Research Ecologist U.S. Geological Survey Moab, UT, United States
Background/Question/Methods Global climate change is projected to increase the spread of soil-borne infectious diseases due to persistent stressful environmental conditions, such as drought and soil disturbances (e.g., dust storms). Because pathogenic microbes are good at tolerating stress, they may thrive under environmental stressful conditions compared to other non-pathogenic microbes. This represents a threat to public health because many soil-borne pathogens, particularly spore-producing fungi, have small aerodynamic spores which are easily dispersed. The overarching goal of this project was to determine if dried and disturbed soils represent a threat to public health by examining if global climate change favors the growth of pathogenic soil fungi. Therefore, we sampled soils from a global change experiment where soils are experimentally dried and disturbed as predicted for the Southwest of the USA in the wake of global climate change. We hypothesized that pathogenic soil fungi increase in abundance under treatments compared to control.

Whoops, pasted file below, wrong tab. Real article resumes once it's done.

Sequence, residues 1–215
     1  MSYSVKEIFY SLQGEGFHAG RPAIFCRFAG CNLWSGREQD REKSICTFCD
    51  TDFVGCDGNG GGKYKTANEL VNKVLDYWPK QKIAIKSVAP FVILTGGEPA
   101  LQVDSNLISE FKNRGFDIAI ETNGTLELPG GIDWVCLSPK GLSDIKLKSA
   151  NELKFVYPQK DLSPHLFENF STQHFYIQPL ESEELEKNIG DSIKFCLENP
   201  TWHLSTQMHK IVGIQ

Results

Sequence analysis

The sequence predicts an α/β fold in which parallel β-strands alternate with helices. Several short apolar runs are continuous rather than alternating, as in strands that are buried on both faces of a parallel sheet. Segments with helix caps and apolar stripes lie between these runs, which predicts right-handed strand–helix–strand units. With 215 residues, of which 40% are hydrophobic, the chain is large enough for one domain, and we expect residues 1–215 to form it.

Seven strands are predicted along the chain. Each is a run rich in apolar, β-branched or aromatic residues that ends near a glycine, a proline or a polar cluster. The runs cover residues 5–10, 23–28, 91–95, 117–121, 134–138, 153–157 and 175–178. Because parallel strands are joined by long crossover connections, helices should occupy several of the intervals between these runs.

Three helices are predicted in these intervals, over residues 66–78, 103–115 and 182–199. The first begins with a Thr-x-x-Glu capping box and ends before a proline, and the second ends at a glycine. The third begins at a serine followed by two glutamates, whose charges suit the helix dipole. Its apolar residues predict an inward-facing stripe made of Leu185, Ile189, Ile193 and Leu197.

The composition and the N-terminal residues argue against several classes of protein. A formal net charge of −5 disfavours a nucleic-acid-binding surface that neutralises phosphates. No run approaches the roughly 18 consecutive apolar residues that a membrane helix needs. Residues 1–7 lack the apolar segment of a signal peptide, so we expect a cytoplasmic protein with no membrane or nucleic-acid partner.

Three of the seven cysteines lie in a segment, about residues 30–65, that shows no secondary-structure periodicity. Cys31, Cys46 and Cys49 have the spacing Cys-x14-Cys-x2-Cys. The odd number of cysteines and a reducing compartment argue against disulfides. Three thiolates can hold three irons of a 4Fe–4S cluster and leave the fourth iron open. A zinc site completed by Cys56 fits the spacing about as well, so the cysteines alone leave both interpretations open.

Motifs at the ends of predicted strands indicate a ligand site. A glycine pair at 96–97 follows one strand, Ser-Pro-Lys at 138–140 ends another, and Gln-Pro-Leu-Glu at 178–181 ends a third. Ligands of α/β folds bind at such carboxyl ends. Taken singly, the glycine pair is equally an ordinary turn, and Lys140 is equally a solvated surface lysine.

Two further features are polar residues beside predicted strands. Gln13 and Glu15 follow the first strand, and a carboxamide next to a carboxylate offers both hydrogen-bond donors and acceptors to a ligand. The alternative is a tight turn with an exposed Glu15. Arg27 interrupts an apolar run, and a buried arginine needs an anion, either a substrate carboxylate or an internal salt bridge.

Results/Conclusions We extracted DNA from control and treatment soils. Within each plot, we collected samples from two different micro-sites: under vegetation and inter space (i.e., bare soil without vegetation); nutrients, moisture, and temperature are vastly different between micro-sites and can consequently affect the community of microbes. We carried out ITS metabarcoding to identify fungi at the taxonomical level and at the functional level. Understanding the complex causal relationship between global climate change, changes in the fungal community, and potential public health threats, will allow to better predict future infectious disease hot spots and outbreaks. Moreover, our work is providing information for policy makers on the public health threat potential that climate change has on soil fungal communities in the Southwest of the USA.